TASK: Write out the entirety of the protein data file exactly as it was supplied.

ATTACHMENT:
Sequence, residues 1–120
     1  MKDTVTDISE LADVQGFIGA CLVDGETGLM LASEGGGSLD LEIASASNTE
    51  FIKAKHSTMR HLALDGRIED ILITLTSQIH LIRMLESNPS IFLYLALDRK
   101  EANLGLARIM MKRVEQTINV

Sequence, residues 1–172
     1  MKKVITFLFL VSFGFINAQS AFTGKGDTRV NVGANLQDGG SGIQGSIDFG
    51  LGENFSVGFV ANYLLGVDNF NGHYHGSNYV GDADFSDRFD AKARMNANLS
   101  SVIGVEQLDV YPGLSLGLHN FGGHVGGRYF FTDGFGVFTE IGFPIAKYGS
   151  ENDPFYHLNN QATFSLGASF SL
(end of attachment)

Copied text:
Sequence, residues 1–120
     1  MKDTVTDISE LADVQGFIGA CLVDGETGLM LASEGGGSLD LEIASASNTE
    51  FIKAKHSTMR HLALDGRIED ILITLTSQIH LIRMLESNPS IFLYLALDRK
   101  EANLGLARIM MKRVEQTINV

Sequence, residues 1–172
     1  MKKVITFLFL VSFGFINAQS AFTGKGDTRV NVGANLQDGG SGIQGSIDFG
    51  LGENFSVGFV ANYLLGVDNF NGHYHGSNYV GDADFSDRFD AKARMNANLS
   101  SVIGVEQLDV YPGLSLGLHN FGGHVGGRYF FTDGFGVFTE IGFPIAKYGS
   151  ENDPFYHLNN QATFSLGASF SL